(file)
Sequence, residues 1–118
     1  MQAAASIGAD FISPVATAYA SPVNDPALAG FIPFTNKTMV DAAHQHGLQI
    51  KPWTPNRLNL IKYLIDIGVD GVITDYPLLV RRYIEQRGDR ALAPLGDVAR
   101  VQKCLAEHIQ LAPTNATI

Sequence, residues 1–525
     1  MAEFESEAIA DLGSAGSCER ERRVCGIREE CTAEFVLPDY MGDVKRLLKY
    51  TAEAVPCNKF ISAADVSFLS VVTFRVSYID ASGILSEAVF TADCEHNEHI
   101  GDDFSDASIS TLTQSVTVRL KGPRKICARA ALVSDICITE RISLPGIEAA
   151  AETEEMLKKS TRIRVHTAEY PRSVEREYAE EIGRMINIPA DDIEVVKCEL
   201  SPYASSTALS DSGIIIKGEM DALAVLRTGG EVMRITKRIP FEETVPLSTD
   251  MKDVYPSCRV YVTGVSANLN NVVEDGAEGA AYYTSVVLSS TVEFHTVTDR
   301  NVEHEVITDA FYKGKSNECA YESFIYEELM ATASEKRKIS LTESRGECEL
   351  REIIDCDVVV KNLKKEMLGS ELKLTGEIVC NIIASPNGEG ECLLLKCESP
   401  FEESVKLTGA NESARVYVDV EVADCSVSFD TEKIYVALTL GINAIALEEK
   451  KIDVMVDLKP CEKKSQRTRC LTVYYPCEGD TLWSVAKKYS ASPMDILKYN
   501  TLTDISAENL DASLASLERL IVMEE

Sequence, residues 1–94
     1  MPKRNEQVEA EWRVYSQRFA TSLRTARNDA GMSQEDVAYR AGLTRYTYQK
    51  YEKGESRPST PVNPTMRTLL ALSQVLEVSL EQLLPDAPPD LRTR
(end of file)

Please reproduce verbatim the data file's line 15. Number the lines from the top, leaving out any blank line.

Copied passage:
   451  KIDVMVDLKP CEKKSQRTRC LTVYYPCEGD TLWSVAKKYS ASPMDILKYN